2- l-hydroxyethyl) cyclohexanol 4 The invention may be further illustrated by the following examples:
Exams 1 cmon cmcmba cmcmcmcaon z-ethylhexanedicl-La (2-ethvl-3-P mlvrmnedtol-m) 2-ethylhexanediol-1,3 was applied to a forearm, from wrist to elbow, in an amount providing 0.01 milliliter of substance per square inch of skin surface, the other forearm being untreated. Every one half hour to one hour over the test period, the treated surface and the untreated surface were exposed for about one to two minutes in a test cage (30 x 30 x 30 inches) containing from 500 to 1000 mosquitoes, of which about one half were females. The first bite on the treated surface determined the end of the test period. The temperature was maintained at 75 to 78 F. and the relative humidity about to per cent. An average of seven tests on the undiluted material over a range of biting frequencies from 10 to 40 bites per minute, average, on the untreated area, gave an effective repellency rating of at least 500 against Aedes aewpti.
A series of field tests which gave a ratingof about 580 against salt marsh mosquitoes, mainly Aedes sollicitans, were carried out inthe vicinity of Barnegat, N. J. In these field tests the 2- ethylhexanediol-1,3 was applied to the arm from wrist to elbow and to the leg from ankle to knee in amounts providing 0.01 milliliter per square inch. The treated areas were exposed continuouslyand the untreated area was exposed every half hour for a period of two minutes, as a control. The average number of bites per minute on the untreated area ranged from 4 to 27. A temperature between 74 to 92 -F. and a relative humidity of about 50 to percent prevailed throughout the tests. Tests on deer flies, Chrysops spp. and stable flies or dog flies, Stomosus calcitrans showed that they were repelled for about one half to three fourths of the time that the treated surfaces were protected against the mosquitoes.
Additional field tests against upland swamp mosquitoes, mainly Aedes trivittatus and some Aedes vexans, in the vicinity of Chatham, N. J.,
gave an average value of about 790 for the effective repellency rating. The temperature was about to 84 F. with a relative humidity about 50 to 60 percent and the average number of bites on the untreated area ranged from about 15 to 28 per minute. Otherwise the tests were carried out in the same manner as the field tests against the salt marsh mosquitoes.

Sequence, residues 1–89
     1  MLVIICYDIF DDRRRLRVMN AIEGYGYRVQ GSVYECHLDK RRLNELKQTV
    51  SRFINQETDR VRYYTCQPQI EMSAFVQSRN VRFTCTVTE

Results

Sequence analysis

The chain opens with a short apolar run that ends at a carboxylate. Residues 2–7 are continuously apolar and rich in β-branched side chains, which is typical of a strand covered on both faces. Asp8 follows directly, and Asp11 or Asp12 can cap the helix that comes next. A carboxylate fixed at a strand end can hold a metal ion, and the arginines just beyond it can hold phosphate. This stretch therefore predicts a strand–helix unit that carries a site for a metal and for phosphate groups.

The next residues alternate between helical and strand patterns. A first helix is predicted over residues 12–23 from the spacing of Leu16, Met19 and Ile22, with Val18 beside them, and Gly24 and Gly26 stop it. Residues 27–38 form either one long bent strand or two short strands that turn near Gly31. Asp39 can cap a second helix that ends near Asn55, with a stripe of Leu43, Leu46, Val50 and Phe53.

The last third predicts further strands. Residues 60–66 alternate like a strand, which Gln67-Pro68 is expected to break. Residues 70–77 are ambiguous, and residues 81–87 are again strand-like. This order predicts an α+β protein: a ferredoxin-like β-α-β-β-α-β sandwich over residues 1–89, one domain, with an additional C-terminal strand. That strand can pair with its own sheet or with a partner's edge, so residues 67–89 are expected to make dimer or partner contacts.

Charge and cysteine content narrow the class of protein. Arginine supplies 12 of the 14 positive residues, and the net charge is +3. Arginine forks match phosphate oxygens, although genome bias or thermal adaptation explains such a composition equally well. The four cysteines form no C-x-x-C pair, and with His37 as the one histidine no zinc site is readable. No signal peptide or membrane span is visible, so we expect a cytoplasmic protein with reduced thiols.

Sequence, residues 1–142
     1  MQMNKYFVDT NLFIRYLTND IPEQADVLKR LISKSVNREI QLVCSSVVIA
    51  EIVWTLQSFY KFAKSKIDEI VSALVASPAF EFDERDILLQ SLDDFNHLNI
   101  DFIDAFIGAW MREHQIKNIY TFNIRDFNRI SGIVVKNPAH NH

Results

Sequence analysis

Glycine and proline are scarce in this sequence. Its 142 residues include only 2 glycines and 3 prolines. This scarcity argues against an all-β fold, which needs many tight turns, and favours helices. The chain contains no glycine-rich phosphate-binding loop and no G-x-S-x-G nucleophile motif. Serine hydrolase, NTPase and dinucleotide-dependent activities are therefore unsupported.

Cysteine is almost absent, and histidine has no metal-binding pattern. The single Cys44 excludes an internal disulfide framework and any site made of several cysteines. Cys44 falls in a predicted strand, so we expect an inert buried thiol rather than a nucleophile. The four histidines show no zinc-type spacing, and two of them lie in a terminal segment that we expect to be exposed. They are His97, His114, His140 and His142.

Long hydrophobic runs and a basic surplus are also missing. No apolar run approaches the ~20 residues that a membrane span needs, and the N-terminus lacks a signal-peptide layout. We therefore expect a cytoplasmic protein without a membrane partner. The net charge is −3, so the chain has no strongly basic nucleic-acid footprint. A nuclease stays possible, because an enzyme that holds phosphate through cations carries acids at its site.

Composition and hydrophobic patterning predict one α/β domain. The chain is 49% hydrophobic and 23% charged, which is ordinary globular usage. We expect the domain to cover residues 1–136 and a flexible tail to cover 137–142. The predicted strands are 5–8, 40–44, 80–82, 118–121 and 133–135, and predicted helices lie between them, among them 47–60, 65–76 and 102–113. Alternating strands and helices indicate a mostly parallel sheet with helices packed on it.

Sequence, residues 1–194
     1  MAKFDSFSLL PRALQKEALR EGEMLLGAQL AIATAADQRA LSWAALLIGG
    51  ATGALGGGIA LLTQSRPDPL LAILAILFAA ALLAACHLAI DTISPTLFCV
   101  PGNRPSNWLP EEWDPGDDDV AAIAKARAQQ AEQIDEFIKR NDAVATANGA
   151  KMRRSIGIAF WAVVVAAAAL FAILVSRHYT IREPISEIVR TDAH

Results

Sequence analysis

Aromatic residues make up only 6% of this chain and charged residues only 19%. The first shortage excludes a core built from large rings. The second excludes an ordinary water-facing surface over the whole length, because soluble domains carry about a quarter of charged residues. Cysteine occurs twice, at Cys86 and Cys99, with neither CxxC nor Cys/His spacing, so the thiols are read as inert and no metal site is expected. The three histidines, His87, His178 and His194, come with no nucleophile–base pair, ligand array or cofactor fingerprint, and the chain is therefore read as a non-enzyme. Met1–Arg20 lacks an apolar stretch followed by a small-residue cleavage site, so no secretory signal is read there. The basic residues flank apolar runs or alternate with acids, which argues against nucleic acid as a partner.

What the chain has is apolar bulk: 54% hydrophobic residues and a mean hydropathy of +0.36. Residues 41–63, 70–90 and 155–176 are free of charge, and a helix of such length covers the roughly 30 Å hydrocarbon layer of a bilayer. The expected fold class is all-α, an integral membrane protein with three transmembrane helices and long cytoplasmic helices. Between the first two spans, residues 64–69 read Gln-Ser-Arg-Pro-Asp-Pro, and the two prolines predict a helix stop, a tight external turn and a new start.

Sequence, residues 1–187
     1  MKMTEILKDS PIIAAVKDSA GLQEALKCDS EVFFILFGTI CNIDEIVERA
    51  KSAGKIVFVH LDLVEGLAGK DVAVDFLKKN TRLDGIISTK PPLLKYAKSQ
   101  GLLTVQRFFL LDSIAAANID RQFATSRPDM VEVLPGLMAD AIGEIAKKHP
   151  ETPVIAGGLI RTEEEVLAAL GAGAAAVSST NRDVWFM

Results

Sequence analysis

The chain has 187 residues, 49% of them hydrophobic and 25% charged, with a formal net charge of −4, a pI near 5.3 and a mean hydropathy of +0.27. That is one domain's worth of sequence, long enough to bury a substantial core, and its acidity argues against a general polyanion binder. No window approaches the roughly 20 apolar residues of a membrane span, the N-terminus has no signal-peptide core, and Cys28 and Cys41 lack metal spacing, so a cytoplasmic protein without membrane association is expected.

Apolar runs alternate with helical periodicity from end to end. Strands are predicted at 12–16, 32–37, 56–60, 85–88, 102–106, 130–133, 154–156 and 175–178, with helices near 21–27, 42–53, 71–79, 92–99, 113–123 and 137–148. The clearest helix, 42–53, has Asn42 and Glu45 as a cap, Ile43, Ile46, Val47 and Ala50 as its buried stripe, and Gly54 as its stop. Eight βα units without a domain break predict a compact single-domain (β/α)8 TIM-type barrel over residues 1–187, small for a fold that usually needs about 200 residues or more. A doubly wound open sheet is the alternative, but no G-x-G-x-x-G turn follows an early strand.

On various dilutions up to about 70 percent of the diluent, by volume, with various compatible carrier substances, the eflective repellency rating of the compositions were found on the whole to be slightly higher than corresponded to the dilution of the repellent substance present. This was the case with such diluents as ethanol, isopropanol, monopropylene glycol, castor oil, vanishing cream and the like.
2-ethylhexanediol-L3 was found to evaporate only slowly when spread thinly over relatively large areas. For instance, slightly less than 0.01 gm. spread over about 13 square inches of a ground glass plate evaporated only about 12 percent in 24 hours at a room temperature of about 74' IE. and about 50 to 60 percent in 24 hours on heating the plate to a temperature of about 94 to 96' 1c. the room conditions otherwise remaining the same.
Extended ileld tests with a group oi. subjects under wet skin conditions were also carried out in a grove in'Florida where Aedes taeniorhimchus were abundant. During the course of the tests the subjects engaged in moderate physical activity with care being taken to prevent the treated surfaces from coming into rubbing contact with clothing. vegetation and the like. The temperature and humidity were sufliciently high to cause the subjects to perspire freely, with consequent wetting of the treated skin area. Th average repellency rating againstAedes taeniorhzmchus in these tests was about 520.
A more severe type of test was also carried out under substantially the same conditions. In